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Joel M. Bernstien, M.D.'s Articles

Infertility Myth Busters: We Explore Common Misconceptions About Getting Pregnant

Perhaps you have a friend who swore to you that she got pregnant by having sex in the missionary position and then holding her legs up in the air for 20 minutes. She probably meant well, but that’s not proven advice. Continue reading as we explore common misconceptions about getting pregnant, such as "you need to have an orgasm during sex," and debunk them.

Uterine Hemorrhaging: Donate Blood and Save a Life

Any obstetrician, nurse, medical assistant, tech, anesthesiologist, etc who spends enough time on labor and delivery will witness a patient hemorrhage around the time of delivery.  This blog explores risk factors for obstetrical hemorrhage and encourages you to donate blood.

Four Rules for a Productive Sex Talk

Laurie Watson, certified sex therapist and director of the Awakenings Center has been so nice to share blog posts with Kamm Mckenzie over the years.  Here is her latest.

 

When we fall in love, sex seems so natural and easy – we can’t imagine that one day, like any other part of a relationship, we will need to talk about it. But it’s entirely normal to have to discuss and negotiate many aspects of sex, from frequency to quality. After all, two people bringing two separate histories, expectations and blueprints for physical intimacy are going to have differences. Here are a few tips for  a productive conversation:

Influenza in Pregnancy

We are currently in the middle of a pretty intense flu season. I am sure most of you know someone who has been diagnosed with the flu or have been diagnosed yourself. I know I have prescirbed Tamiflu to many patients in the last couple of week. This may be a good time to review influenza in the setting of pregnancy.

Natural Family Planning: My Unexperienced Explanation

I’ve written blogs about many options for contraception, but have failed to write about the oldest method, natural family planning.  The new term for this in the medical world is call fertility awareness-based (FAB) methods for pregnancy prevention.  Some women cannot or choose not to use birth control (pills, IUDs, etc) due to medical, religious, or cultural reasons; and thus, rely on FAB methods.  We will get into the details below, but the basic principle is to identify the fertile days of the menstrual cycle using a combination of cycle length and physical signs of ovulation—and then avoiding sex or using a barrier method on these days.  Now, a quick disclosure from me is warranted...I've never practiced FAB methods so all of this is based on my reading and prior knowledge of menstrual cycles and fertile windows.

My Vasectomy: March Madness Style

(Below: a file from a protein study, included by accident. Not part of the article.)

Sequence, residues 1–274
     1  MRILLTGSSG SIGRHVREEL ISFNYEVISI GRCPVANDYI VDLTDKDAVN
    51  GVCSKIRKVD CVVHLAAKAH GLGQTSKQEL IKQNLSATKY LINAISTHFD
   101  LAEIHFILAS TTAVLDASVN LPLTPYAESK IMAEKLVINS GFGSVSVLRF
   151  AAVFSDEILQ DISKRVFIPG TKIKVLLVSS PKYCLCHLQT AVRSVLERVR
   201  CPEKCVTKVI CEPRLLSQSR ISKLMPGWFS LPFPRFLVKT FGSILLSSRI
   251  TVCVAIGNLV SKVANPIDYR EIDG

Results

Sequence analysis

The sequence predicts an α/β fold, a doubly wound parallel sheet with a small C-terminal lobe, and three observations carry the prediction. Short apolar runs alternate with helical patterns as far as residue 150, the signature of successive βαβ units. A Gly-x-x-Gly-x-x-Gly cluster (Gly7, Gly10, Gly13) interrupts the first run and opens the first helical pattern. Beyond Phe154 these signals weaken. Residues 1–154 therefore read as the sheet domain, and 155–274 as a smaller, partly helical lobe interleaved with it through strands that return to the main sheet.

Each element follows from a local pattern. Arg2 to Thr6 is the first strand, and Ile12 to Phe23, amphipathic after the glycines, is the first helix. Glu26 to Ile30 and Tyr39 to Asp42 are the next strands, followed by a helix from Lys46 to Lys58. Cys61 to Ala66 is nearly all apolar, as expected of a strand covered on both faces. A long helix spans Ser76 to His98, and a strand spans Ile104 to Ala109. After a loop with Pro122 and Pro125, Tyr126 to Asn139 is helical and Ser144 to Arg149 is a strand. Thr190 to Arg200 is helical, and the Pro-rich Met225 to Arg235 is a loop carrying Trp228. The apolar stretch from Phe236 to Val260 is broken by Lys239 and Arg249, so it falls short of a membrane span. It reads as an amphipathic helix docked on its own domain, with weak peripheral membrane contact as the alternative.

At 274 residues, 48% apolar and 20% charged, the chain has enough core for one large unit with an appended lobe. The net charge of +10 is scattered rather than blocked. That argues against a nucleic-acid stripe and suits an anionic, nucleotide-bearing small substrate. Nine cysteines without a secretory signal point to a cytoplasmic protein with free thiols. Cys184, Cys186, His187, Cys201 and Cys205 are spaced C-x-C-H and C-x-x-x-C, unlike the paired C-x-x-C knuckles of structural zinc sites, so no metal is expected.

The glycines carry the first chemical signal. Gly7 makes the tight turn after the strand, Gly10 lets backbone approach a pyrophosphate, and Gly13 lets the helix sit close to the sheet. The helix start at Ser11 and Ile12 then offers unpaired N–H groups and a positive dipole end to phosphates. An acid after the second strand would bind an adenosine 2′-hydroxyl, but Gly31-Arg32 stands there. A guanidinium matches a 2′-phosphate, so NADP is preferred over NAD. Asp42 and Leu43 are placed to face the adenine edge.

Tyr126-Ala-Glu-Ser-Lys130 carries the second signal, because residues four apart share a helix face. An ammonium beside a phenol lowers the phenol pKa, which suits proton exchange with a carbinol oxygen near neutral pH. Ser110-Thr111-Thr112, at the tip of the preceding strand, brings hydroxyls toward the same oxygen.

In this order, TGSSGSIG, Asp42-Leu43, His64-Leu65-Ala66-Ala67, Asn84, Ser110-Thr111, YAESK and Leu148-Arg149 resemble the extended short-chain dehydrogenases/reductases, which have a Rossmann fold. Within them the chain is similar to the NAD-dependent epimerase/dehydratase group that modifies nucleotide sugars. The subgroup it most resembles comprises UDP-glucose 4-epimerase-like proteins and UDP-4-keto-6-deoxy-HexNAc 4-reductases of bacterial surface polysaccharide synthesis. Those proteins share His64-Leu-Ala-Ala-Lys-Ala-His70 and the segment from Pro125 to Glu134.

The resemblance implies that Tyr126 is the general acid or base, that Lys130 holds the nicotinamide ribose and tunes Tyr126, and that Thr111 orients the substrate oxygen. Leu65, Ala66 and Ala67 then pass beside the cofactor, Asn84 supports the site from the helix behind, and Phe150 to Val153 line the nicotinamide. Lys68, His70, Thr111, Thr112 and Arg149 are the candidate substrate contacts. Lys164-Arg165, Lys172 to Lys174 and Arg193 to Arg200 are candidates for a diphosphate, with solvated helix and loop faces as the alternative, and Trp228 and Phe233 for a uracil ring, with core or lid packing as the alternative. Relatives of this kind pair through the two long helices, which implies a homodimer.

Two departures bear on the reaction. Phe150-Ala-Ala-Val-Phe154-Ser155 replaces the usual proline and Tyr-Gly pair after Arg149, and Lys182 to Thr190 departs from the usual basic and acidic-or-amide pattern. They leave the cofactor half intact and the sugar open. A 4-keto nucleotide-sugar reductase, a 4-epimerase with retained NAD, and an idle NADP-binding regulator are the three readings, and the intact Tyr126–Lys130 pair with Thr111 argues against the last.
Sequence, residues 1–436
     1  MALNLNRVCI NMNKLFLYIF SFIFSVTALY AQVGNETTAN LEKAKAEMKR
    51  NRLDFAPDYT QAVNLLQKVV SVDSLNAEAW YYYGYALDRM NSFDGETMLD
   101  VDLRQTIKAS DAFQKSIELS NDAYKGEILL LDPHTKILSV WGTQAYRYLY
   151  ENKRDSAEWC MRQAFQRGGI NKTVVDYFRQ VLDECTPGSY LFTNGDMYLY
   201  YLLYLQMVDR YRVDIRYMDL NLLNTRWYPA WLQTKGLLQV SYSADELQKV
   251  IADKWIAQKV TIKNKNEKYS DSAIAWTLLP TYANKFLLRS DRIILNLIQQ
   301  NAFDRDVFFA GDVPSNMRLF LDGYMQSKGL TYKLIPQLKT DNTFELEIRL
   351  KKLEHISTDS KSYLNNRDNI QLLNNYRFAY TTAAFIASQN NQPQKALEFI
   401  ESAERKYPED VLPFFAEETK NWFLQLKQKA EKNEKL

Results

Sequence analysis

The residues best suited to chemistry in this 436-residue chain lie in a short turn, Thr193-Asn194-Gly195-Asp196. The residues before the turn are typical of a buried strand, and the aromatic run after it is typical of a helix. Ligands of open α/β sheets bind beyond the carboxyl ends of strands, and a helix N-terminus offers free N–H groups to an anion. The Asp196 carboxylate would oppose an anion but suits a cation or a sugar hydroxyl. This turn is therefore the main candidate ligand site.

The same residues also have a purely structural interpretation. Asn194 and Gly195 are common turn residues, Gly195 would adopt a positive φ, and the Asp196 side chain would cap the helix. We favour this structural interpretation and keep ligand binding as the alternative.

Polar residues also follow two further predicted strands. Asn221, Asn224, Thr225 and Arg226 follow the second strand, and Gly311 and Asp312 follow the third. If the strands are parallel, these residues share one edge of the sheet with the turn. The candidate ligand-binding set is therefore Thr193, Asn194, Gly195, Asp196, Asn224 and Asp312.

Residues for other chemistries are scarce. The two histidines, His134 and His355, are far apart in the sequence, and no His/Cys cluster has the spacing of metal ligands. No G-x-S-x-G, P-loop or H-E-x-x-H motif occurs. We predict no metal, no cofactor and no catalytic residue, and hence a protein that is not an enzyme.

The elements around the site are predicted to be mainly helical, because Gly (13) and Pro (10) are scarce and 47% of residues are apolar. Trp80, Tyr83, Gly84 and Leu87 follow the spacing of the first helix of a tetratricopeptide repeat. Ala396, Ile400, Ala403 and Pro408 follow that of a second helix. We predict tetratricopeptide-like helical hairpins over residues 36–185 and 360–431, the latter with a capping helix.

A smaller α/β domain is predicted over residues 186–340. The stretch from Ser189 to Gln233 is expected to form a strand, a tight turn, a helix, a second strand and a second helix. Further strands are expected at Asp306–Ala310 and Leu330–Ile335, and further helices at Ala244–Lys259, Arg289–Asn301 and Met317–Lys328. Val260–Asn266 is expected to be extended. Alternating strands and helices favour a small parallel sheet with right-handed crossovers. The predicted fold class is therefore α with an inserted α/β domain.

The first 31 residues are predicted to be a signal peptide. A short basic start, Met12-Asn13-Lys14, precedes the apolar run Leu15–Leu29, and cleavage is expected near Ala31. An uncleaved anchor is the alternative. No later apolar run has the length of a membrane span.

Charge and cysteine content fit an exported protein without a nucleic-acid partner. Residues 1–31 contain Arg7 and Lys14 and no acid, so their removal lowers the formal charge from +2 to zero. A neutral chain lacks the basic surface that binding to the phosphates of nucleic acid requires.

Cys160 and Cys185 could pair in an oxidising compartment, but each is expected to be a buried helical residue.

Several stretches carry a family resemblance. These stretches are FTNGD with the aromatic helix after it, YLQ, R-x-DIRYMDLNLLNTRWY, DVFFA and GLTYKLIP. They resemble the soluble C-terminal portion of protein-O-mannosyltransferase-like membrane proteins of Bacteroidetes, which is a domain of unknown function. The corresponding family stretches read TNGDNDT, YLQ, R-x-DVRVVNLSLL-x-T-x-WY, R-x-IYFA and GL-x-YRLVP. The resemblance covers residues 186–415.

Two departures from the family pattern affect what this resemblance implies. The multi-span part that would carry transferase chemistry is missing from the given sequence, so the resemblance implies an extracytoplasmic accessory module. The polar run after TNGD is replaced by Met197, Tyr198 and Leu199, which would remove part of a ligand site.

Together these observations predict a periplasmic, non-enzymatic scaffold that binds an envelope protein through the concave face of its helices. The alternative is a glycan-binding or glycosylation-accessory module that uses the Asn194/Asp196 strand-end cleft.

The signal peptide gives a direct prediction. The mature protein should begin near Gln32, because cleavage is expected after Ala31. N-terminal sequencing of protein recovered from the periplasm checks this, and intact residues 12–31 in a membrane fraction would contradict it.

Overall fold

For those of you who follow my blogs, you know that two kids is “our number” as far as what we want and think we can handle.  We are blessed to have a healthy boy and girl.  So after our daughter was born, I started planning for a vasectomy.

Farewell to Erin Wright, NP

It is with great sadness that I have to announce that Erin Wright, one of our two amazing Nurse Practitioners, will be leaving us on March 10, 2017.

One Plus One DOES NOT Equal Two

Two years ago I wrote a blog about making the transition from doctor to dad after my son was born.  Recently the company that runs our online presence reposted it.  Many patients were congratulating me on the birth of my son!  Well, I started to feel guilty that I had not written a blog about having had a second child.  You know, the second kid never gets as much attention as the first.

 

Long Acting Reversible Contraception Part 2: Sub-Dermal Implant

If you are interested in reliable contraception and are looking for something different than pills, patches, rings, condoms, or shots, you may want to consider a subdermal Implant (Nexplanon). Like IUDs (reviewed in the previous blog post), the subdermal implant belongs to the family of contraception called LARC (long acting reversible contraception). LARC are over 20 times more effective than pills, patches, or the ring and if you want to stop them or desire to get pregnant, you can have them removed at any time.

Long Acting Reversible Contraception Part 1: The IUD

If you are interested in reliable contraception and are looking for something different than pills, patches, rings, condoms, or shots, you may want to consider an IUD (intrauterine device). IUDs are in the family of contraception called LARC (long acting reversible contraception). LARC are over 20 times more effective than pills, patches, or the ring and if you want to stop them or desire to get pregnant, you can have them removed at any time.

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